"['Questionnaire for My Grandfather'] is an incredible essay that leaves you shaking your head in amazement at the way Adrian has not only explored the nature of abuse and a legacy of pain, but also just how the second person reveals truths about both the imagined audience and the author herself."
—"Who is the You: Understanding Second Person," William Bradley, Fourth Genre 

"'Kim Adrian works her painful subject matter with great care and respect. She knows when reticence will serve as well as declaration,' says Sven Birkerts, the New York Times Book Review critic, who compares his former student to Kathryn Harrison of The Kiss fame."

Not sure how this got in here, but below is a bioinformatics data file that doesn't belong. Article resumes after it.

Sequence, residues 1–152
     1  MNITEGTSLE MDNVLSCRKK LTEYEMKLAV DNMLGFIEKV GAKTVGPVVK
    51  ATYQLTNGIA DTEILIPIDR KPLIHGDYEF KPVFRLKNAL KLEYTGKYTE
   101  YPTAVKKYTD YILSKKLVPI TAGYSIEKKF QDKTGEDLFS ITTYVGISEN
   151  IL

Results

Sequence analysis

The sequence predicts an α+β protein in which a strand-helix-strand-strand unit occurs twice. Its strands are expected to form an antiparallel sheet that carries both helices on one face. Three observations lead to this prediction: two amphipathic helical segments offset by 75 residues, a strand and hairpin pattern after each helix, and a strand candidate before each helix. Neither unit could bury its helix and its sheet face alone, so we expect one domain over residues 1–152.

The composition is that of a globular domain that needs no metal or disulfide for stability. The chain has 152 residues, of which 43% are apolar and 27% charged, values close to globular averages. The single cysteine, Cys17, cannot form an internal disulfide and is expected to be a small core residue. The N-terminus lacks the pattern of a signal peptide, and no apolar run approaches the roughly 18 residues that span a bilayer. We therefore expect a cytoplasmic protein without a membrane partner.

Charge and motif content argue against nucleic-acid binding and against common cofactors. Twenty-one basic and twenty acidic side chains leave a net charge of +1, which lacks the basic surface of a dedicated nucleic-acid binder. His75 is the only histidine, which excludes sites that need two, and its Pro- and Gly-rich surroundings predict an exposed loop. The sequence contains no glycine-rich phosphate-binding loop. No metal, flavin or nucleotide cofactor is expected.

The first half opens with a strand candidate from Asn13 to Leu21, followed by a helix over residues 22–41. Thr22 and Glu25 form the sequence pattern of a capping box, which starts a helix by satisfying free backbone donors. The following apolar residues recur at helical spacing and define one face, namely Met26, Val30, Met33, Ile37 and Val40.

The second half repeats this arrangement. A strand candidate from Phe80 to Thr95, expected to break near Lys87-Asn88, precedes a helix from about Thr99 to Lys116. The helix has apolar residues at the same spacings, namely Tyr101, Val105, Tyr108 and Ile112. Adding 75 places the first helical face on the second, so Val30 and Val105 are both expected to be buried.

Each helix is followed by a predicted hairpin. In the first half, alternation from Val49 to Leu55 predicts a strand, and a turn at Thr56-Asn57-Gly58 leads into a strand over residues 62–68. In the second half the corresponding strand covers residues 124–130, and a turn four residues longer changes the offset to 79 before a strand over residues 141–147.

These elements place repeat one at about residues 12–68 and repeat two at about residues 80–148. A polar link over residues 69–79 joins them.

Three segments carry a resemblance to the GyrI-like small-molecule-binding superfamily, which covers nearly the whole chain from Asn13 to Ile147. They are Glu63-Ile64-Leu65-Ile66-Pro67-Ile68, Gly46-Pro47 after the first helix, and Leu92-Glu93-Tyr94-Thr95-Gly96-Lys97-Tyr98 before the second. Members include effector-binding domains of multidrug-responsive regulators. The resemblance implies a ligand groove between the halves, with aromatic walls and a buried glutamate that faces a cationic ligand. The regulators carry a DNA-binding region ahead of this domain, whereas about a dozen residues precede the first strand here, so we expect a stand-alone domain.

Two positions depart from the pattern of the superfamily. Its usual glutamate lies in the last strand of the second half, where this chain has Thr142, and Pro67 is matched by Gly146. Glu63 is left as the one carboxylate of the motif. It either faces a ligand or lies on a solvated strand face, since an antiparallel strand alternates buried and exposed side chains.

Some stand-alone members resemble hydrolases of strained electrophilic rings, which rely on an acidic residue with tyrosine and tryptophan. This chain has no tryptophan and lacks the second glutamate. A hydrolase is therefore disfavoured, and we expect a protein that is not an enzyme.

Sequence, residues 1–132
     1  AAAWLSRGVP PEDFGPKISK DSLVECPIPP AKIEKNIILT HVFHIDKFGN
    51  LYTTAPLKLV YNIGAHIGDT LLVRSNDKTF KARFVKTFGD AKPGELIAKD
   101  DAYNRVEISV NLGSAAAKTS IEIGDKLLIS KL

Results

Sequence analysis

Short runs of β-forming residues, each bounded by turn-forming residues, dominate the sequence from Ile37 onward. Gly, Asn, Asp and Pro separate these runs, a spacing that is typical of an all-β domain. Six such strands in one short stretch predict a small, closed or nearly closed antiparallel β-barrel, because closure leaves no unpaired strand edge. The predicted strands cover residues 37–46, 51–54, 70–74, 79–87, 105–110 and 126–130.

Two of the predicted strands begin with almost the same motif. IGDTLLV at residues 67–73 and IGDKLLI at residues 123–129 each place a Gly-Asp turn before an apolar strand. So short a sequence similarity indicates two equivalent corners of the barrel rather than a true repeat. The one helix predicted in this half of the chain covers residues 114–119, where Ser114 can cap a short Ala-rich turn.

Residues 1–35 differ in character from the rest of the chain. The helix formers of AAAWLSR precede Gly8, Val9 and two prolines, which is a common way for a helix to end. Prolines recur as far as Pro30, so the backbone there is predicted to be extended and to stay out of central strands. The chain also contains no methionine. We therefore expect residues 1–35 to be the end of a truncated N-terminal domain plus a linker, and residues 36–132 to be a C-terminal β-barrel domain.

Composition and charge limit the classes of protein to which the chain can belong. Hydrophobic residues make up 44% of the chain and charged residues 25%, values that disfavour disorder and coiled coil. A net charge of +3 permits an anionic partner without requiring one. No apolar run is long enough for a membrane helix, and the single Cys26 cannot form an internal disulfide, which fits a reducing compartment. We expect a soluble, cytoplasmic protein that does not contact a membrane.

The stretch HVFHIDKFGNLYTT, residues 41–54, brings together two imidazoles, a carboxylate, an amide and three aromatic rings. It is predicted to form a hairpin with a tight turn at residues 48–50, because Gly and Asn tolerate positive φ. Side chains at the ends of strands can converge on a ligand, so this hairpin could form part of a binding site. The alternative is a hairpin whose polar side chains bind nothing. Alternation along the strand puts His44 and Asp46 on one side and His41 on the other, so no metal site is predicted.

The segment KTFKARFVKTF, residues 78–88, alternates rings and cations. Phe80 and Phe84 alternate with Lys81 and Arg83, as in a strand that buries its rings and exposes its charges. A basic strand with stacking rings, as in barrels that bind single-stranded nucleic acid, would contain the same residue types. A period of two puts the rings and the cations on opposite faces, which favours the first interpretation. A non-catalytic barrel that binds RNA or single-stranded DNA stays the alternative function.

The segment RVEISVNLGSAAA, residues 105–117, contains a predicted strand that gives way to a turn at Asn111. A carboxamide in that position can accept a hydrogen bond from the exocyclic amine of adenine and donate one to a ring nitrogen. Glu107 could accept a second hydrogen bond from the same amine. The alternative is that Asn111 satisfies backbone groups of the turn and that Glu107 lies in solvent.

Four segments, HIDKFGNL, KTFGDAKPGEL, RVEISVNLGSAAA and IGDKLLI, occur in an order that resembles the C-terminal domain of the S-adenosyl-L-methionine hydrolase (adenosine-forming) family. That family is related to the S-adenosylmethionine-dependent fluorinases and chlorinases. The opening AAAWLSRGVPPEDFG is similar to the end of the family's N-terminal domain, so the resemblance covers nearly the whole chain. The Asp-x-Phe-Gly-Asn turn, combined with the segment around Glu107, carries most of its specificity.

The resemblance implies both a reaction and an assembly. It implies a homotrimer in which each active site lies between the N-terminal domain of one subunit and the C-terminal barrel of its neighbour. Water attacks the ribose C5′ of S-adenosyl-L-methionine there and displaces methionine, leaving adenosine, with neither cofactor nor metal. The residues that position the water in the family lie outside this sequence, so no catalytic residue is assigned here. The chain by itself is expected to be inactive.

—"Minds that Matter: Boston's 11 Brightest Scientists, Artists, and Thinkers," Improper Bostonian

"...I think we can only love parts of peo­ple. Never the whole per­son. People are just too big. Too com­plex. The parts of peo­ple that inter­est me, that I fall in love with, or think are intrigu­ing, are usu­ally the parts that they’re less aware of them­selves. Self-consciousness throws up a big screen, and usu­ally that’s bor­ing..."
Interview with Gary Percesepe, New World Writing

“'Last Cookies' is a particularly sad and potent little idea. . . . In a way, Ms. Adrian is borrowing from the toolbox of a poet, identifying a particularly potent idea and meditating upon it. Ms. Adrian’s story is not very long, so the power of the idea is not diluted."
"What Can We Steal From Kim Adrian's 'Last Cookies',"

"The best [day job I ever had] was at a bakery… I loved getting up at 5 am and biking over the Charles when nobody was on the road but truckers, and I loved rolling out baguettes and drinking cappuccino with my boss, working together in silence."
—"Nano Interview" on Massachusetts Cultural Council's